17. Category:Geochemical Data Analysis | Open Energy Information

    Open Energy Info (EERE)

    AFDC Printable Version Share this resource Send a link to EERE: Alternative Fuels Data Center Home Page to someone by E-mail Share EERE: Alternative Fuels Data Center Home Page on Facebook Tweet about EERE: Alternative Fuels Data Center Home Page on Twitter Bookmark EERE: Alternative Fuels Data Center Home Page onYou are now leaving Energy.gov You are now leaving Energy.gov You are beingZealand JumpConceptual Model, click here. Category:Conceptual Model Add.pngpage? For detailedAnalysis page?

  18. Category:Lab Analysis Techniques | Open Energy Information

    Open Energy Info (EERE)

    AFDC Printable Version Share this resource Send a link to EERE: Alternative Fuels Data Center Home Page to someone by E-mail Share EERE: Alternative Fuels Data Center Home Page on Facebook Tweet about EERE: Alternative Fuels Data Center Home Page on Twitter Bookmark EERE: Alternative Fuels Data Center Home Page onYou are now leaving Energy.gov You are now leaving Energy.gov You are beingZealand JumpConceptual Model, click here. Category:Conceptual Model Add.pngpage?sourcehelpFluidLab Analysis

  19. PNNL Technology Systems Analysis Group | Open Energy Information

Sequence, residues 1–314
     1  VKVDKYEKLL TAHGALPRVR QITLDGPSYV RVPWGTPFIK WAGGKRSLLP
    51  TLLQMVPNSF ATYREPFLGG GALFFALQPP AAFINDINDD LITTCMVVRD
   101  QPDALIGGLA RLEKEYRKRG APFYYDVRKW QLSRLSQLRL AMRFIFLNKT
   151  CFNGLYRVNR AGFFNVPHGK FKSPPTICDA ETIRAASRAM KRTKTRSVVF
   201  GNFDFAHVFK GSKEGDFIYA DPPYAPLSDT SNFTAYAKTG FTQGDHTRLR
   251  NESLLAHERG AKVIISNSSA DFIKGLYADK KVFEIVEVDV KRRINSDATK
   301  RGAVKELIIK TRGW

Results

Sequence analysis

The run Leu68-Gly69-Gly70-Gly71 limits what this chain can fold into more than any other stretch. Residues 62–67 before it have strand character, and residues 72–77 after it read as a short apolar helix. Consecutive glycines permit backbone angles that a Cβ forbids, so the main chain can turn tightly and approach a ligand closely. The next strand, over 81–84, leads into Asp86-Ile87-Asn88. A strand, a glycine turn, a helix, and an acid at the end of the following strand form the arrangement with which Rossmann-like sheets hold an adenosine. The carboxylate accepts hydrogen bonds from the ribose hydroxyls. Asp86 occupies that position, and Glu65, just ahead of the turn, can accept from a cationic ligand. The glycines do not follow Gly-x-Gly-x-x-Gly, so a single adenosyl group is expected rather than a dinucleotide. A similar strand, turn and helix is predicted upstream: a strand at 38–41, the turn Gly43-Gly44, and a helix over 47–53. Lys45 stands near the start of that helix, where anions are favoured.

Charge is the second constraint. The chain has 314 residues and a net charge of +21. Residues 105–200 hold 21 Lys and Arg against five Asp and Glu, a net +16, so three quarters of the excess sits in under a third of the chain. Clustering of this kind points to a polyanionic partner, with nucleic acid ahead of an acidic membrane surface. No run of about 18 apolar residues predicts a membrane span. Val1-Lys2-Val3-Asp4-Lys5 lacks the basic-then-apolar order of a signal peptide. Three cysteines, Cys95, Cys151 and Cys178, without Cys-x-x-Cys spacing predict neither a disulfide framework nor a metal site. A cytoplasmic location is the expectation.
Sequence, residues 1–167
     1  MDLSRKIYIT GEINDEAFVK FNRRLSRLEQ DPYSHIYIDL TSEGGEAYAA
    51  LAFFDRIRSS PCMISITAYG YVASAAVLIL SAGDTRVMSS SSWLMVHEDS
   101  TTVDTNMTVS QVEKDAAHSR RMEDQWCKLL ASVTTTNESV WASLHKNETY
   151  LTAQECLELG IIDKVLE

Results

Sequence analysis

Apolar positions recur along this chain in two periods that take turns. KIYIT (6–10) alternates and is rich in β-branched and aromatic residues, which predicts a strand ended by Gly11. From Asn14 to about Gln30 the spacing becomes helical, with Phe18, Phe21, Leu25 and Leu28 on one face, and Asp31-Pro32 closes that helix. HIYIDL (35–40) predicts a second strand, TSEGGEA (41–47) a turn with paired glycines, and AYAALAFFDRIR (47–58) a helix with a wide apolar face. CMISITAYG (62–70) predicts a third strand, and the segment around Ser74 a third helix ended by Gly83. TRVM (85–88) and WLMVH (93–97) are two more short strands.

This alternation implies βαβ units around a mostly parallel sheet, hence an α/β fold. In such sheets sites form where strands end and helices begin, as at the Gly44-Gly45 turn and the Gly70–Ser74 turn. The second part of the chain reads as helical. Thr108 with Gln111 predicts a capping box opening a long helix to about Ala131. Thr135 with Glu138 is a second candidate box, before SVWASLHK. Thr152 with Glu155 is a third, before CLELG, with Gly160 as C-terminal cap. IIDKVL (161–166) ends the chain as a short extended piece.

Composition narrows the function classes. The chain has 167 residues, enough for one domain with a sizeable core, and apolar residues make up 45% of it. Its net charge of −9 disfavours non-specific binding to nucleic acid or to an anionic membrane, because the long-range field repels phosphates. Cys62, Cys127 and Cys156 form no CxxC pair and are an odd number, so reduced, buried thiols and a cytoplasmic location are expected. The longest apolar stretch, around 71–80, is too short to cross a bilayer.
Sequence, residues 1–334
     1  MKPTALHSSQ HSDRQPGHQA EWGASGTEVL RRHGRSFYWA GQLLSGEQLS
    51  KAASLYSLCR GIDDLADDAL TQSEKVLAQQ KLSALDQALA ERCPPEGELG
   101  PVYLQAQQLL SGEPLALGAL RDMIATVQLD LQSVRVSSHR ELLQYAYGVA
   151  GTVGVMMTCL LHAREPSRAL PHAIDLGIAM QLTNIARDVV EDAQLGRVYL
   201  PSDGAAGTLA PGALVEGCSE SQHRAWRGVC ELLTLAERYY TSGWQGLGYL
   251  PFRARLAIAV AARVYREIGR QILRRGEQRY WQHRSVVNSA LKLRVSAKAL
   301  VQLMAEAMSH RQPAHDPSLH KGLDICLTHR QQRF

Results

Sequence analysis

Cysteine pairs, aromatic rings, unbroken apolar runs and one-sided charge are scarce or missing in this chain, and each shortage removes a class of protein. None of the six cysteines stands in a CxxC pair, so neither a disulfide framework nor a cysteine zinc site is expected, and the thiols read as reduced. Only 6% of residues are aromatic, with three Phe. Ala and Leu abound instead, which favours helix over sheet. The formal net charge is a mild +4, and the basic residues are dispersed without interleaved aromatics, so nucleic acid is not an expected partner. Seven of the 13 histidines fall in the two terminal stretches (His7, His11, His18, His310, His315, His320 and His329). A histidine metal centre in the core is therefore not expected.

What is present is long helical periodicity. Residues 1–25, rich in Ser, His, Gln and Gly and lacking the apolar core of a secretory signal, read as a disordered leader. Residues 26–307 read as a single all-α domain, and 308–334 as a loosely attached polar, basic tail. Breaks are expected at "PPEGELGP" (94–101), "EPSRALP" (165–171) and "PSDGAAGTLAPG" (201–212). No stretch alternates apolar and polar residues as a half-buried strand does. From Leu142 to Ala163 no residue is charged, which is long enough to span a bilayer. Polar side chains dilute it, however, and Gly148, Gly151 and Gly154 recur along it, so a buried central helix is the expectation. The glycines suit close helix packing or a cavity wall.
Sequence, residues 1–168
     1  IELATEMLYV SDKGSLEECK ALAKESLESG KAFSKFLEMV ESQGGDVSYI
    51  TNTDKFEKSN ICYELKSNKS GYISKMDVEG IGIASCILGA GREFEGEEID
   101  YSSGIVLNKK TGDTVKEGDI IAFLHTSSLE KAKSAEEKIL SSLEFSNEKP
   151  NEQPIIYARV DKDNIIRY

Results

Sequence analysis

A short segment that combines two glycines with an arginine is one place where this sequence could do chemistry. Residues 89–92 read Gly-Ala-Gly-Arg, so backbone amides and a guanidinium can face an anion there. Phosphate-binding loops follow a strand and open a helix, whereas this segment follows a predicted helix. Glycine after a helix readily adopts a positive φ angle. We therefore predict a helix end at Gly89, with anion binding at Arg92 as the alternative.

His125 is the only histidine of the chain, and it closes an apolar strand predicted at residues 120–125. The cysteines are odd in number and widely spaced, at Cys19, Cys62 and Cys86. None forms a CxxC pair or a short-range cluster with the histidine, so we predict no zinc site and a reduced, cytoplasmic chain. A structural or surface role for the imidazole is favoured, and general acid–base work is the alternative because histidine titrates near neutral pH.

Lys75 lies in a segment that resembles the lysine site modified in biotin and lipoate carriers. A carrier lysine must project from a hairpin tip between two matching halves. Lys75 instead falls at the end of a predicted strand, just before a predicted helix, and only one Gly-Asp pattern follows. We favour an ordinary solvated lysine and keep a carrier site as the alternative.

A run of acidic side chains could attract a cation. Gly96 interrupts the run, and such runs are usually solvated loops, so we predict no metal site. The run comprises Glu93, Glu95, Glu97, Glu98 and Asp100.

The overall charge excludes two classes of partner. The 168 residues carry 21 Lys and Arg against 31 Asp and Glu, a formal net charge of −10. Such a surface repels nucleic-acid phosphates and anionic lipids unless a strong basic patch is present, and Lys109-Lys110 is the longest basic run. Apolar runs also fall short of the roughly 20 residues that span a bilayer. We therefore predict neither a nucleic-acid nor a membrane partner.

Open Energy Info (EERE)

    AFDC Printable Version Share this resource Send a link to EERE: Alternative Fuels Data Center Home Page to someone by E-mail Share EERE: Alternative Fuels Data Center Home Page on Facebook Tweet about EERE: Alternative Fuels Data Center Home Page on Twitter Bookmark EERE: Alternative Fuels Data Center Home Page onYou are now leaving Energy.gov You are now leaving Energy.gov You are beingZealand Jump to: navigation, searchOfRoseConcernsCompanyPCN Technology Jump to: navigation,Analysis Group Jump

  20. Simulation Problem Analysis and Research Kernel | Open Energy Information

    Open Energy Info (EERE)

    AFDC Printable Version Share this resource Send a link to EERE: Alternative Fuels Data Center Home Page to someone by E-mail Share EERE: Alternative Fuels Data Center Home Page on Facebook Tweet about EERE: Alternative Fuels Data Center Home Page on Twitter Bookmark EERE: Alternative Fuels Data Center Home Page onYou are now leaving Energy.gov You are now leaving Energy.gov You are beingZealand Jump to:Ezfeedflag JumpID-f < RAPID‎ |Rippey JumpAirPowerSilcio SA JumpProjectProblem Analysis

  1. Category:EERE Analysis Tools | Open Energy Information

    Open Energy Info (EERE)

    AFDC Printable Version Share this resource Send a link to EERE: Alternative Fuels Data Center Home Page to someone by E-mail Share EERE: Alternative Fuels Data Center Home Page on Facebook Tweet about EERE: Alternative Fuels Data Center Home Page on Twitter Bookmark EERE: Alternative Fuels Data Center Home Page onYou are now leaving Energy.gov You are now leaving Energy.gov You are being directedAnnual Siteof Energy 2,AUDIT REPORTEnergy Offshore Place: Spain Sector:EERE Analysis Tools Jump

  2. Global Trade Analysis Project (GTAP) Data Base | Open Energy Information

    Open Energy Info (EERE)